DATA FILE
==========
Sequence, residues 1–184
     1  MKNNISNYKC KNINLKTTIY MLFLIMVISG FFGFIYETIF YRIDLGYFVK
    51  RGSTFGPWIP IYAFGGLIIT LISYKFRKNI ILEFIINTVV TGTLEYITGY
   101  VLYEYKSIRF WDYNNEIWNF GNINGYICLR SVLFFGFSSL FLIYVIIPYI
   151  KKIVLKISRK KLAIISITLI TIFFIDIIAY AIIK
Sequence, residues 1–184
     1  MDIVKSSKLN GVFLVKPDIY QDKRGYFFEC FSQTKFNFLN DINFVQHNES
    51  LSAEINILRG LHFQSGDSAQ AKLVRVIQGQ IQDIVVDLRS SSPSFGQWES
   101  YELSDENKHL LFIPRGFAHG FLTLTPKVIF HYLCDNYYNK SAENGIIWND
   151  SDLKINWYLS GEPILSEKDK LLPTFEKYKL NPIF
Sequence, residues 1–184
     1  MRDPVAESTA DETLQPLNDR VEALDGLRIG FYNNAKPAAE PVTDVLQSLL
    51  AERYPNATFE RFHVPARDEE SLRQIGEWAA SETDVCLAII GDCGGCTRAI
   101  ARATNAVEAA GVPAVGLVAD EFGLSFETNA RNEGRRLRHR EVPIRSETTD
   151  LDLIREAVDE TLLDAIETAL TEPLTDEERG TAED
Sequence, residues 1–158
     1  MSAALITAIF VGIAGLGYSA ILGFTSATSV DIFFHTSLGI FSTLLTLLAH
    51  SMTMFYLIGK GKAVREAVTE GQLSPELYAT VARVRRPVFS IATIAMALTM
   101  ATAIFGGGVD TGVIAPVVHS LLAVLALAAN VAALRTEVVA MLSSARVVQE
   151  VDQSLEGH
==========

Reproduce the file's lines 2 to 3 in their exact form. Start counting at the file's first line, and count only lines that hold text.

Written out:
     1  MKNNISNYKC KNINLKTTIY MLFLIMVISG FFGFIYETIF YRIDLGYFVK
    51  RGSTFGPWIP IYAFGGLIIT LISYKFRKNI ILEFIINTVV TGTLEYITGY